This is true. I'm not sure it is true in all the examples you gave, but it is true for some multi-core processors.
Part of AMD's multi-core Phenom blast today is the Phenom X3 8000, "the world's only triple-core x86 processor," which we heard about a few months ago. They're supposed to bargain chips for budget consumers, but they're a nicer bargain for AMD, actually, since it lets them dump bug-plagued quad-core Phenoms by disabling a core.
This article says the practice is used by Intel as well:
The reason for this is that the disabled cores are turned off for a reason: they failed factory tests. Cores can fail for any number of reasons, including defects in the silicon, problems running at full frequency, or a bug introduced during manufacturing. Both AMD and Intel disable CPU cores for this very reason.
This article shows the practice is also used by AMD with L3 cache:
When AMD produces a Phenom II die if part of the L3 is bad, it gets disabled and is sold as an 800 series chip. If one of the cores is bad, it gets disabled and is sold as a 700 series chip. If everything is in working order, then we've got a 900.
Intel has done this with entire on-board graphics processors (reference):
Intel recently released a couple of Ivy Bridge based processors that have disabled the integrated graphics completely, the 3350P being one of them. This allows Intel to sell processor die that might have a defect on the GPU portion to increase the relative yield rate of their 22nm process and also gives them another weapon to fight off any pricing competition from AMD.
IBM holds a patent (US7610437) on a particular method for doing this:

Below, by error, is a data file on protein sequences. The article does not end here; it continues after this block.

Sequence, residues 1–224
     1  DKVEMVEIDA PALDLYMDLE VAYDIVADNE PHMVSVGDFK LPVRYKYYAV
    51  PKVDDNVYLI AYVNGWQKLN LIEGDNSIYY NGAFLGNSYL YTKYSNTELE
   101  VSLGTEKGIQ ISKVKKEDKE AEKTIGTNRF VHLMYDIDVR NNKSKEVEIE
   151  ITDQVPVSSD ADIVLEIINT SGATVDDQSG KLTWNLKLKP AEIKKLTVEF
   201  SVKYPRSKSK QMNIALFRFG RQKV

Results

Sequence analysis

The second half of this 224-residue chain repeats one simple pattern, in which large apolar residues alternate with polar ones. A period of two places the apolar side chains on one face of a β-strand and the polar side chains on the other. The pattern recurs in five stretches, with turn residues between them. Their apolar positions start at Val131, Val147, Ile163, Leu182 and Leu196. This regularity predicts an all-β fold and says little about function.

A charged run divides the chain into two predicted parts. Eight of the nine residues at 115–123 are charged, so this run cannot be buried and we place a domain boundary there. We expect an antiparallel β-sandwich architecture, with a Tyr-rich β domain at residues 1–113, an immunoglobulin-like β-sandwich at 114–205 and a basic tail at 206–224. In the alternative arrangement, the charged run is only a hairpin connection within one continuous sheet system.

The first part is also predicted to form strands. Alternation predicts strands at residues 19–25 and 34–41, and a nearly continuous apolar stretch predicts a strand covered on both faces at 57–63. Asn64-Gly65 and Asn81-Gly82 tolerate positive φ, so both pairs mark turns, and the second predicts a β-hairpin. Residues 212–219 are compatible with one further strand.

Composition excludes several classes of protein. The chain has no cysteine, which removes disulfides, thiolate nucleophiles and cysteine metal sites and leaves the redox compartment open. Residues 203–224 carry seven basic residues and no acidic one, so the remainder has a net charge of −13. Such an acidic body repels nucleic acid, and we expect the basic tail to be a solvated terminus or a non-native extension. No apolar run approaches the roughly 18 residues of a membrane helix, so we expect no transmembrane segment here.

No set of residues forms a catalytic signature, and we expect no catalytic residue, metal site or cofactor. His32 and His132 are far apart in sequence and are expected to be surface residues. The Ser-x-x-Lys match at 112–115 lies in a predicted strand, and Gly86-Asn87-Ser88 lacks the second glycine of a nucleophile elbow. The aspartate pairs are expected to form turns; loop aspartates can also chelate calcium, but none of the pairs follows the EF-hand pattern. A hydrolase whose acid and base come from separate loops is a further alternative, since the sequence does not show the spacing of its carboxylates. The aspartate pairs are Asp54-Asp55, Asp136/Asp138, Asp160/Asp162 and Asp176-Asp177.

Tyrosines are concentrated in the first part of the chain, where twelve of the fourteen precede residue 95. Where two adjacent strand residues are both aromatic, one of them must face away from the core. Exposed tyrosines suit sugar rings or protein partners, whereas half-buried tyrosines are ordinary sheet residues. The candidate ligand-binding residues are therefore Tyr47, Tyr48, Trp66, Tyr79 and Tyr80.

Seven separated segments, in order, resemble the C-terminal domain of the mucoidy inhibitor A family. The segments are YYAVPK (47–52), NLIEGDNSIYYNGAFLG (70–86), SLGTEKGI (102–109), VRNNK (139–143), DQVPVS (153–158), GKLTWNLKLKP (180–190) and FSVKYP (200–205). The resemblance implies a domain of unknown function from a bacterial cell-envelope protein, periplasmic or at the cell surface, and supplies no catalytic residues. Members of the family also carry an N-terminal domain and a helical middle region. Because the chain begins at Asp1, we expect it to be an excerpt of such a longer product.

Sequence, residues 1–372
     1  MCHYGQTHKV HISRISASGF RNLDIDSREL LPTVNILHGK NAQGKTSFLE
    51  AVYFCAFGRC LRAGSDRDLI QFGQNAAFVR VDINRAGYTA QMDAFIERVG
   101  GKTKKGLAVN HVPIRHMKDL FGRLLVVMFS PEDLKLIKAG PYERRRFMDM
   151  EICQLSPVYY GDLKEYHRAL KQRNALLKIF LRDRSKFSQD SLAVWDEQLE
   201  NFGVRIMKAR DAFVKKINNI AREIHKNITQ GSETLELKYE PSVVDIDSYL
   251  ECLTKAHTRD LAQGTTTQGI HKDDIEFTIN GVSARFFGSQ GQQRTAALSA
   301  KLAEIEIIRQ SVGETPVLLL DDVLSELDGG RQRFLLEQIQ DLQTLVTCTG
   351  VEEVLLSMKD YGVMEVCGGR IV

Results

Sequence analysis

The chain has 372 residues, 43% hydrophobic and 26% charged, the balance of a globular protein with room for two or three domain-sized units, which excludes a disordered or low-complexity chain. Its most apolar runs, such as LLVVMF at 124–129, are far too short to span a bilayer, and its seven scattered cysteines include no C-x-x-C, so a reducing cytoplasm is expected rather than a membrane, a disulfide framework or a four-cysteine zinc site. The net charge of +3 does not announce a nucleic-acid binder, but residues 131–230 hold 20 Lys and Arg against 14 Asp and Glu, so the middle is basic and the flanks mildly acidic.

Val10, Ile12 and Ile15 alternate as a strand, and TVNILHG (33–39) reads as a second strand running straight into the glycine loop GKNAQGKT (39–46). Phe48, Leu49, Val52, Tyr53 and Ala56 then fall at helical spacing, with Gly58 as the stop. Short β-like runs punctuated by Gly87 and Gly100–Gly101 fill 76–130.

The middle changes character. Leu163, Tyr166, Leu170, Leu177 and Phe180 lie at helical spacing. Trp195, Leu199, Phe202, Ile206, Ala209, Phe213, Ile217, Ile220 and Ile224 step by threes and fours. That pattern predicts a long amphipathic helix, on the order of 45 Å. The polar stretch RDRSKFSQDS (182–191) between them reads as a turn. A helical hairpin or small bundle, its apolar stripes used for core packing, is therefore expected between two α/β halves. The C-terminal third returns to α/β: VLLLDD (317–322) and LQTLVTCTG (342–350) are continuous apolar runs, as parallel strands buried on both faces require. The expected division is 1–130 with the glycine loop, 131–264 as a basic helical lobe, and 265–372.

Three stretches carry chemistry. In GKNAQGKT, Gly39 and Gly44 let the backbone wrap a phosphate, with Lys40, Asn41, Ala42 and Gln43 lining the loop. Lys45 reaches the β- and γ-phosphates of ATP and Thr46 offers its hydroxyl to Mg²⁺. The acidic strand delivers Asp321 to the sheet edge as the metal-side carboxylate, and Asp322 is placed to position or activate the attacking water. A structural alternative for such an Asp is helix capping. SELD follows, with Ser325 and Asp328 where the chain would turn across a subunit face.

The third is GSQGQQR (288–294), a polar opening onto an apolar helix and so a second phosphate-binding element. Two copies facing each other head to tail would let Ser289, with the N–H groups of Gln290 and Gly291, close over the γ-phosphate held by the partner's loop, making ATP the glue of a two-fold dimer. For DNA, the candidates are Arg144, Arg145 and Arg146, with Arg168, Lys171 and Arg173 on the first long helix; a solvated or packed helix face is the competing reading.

If a defect is detected in a single functional unit, such as a synergistic processor core, the defective synergistic processor core can be disabled and the multiprocessor can still be used with the remaining functional unit(s) as a partial good multiprocessor chip.
For example, if a single processing unit is defective, the defective processing core can be disabled and the multiprocessor can still be used with the remaining functional processing unit(s). Such a multiprocessor chip is a partial good multiprocessor.
One of their claims points to the mechanism for doing this:
blowing a fuse associated with each defective processor core to disable each defective processor core if the number of defective processor cores does not exceed the threshold.
From a presentation by Intel and University of Michigan:
Defective core options: disable or salvage. Disabling wastes entire core even for minor defect.
This is a common enough practice that some hardware research focuses on making use of those faulty cores: Putting Faulty Cores to Work. In that article, they make a statement about how common disabling is:
Due to the inherent irregularity of the non-cache parts of the core, it is well known that handling defects in these parts is challenging. A common solution is to disable the faulty core.